Birmingham is an English city located in the centre of the West Midlands region of England on the Birmingham Plateau. It is North of the Lickey Hills, the Clent Hills and the Walton Hill, and close to the River Tame. No less than 1,092,330 people live in Birmingham, making it the most populous British city outside London.
Birmingham used to be a medium-sized market town during the medieval period. It only grew to international importance in the 18th century, as a result of the Midlands Enlightenment and the Industrial Revolution. At that time, Birmingham was at the forefront of worldwide advances in science, technology and economic development. Thus, soon it was known as “the first manufacturing town in the world”.
Subsequently, the city showed a high level of social mobility, which was accompanied by a culture of political radicalism. This is how Birmingham gained a political influence unparalleled in Britain outside London, and an essential role in the development of British democracy.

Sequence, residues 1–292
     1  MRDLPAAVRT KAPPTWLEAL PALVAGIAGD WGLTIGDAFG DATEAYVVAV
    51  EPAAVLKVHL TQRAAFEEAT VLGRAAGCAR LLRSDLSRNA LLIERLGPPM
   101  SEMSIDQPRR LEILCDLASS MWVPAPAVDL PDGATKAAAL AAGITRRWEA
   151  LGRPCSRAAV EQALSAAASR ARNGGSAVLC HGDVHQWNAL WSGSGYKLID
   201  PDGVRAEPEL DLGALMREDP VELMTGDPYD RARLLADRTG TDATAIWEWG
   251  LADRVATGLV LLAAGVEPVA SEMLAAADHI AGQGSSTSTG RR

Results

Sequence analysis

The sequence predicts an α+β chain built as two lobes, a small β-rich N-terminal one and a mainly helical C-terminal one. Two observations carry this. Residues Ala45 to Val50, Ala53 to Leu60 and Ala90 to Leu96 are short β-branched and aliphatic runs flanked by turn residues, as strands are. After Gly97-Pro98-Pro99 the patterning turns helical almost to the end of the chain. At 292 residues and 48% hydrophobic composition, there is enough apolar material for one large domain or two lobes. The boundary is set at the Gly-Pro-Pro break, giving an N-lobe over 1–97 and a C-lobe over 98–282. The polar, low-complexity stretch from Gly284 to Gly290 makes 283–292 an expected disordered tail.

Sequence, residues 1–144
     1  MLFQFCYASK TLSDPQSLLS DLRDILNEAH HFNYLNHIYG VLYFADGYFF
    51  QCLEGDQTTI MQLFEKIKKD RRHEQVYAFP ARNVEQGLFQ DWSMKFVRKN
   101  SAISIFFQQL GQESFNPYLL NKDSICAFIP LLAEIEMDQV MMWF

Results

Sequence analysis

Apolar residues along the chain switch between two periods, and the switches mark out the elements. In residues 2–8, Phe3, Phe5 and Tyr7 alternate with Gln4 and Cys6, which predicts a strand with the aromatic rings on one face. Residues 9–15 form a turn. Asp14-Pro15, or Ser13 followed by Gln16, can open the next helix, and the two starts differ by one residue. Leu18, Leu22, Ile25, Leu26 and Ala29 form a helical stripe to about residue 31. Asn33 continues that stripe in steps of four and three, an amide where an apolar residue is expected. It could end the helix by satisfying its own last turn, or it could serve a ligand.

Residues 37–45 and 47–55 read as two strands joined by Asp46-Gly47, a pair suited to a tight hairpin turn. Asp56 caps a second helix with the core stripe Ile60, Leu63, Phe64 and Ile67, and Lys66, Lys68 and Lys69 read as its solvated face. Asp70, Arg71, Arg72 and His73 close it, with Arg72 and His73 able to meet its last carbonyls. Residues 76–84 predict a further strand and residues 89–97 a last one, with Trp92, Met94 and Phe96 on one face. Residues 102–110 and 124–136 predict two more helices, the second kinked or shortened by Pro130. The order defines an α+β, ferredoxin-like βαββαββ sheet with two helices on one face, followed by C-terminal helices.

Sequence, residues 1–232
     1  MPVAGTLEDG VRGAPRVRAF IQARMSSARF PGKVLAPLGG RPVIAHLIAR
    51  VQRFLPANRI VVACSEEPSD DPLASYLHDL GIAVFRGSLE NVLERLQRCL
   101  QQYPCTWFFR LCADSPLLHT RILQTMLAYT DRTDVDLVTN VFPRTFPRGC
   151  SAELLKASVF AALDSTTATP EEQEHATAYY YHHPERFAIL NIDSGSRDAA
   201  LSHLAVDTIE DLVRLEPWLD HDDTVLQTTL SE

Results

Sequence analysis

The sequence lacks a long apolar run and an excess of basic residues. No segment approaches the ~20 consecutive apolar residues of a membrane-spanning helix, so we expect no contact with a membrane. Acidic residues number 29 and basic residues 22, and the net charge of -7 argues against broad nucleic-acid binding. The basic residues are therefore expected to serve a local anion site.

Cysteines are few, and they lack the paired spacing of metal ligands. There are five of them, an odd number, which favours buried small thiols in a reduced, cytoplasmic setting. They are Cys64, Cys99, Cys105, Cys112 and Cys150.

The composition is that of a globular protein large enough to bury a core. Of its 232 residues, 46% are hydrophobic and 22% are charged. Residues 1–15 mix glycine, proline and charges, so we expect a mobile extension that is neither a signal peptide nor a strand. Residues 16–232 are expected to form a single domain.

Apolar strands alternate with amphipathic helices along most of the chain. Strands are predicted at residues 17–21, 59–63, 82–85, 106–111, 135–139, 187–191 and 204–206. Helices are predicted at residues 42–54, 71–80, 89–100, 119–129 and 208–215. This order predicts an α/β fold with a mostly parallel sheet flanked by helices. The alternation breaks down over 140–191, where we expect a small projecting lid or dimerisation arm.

Nowadays, this metropolis bears the second largest economy in the United Kingdom. It has six universities and many cultural institutions, such as the City of Birmingham Symphony Orchestra, the Birmingham Royal Ballet, the Birmingham Repertory Theatre, the Library of Birmingham and the Barber Institute of Fine Arts. Both its universities and its cultural institutions enjoy international reputations, making Birmingham the largest centre of higher education in the country outside London, and also a privileged scenario for art, music, literary and culinary activity.
Birmingham was once known by the alias Brum, which derived from its dialect name, Brummagem. Today, people from this city are still called Brummies. Their distinctive accent is also known as the Brummie accent.